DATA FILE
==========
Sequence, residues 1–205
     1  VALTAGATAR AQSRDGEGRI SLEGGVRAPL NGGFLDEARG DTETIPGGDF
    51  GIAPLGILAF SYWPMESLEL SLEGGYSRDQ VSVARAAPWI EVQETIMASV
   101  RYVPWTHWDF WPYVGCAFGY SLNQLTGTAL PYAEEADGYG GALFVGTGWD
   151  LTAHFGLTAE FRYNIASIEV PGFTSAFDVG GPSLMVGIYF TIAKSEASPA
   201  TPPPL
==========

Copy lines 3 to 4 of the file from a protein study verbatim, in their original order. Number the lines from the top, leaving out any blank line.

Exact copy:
    51  GIAPLGILAF SYWPMESLEL SLEGGYSRDQ VSVARAAPWI EVQETIMASV
   101  RYVPWTHWDF WPYVGCAFGY SLNQLTGTAL PYAEEADGYG GALFVGTGWD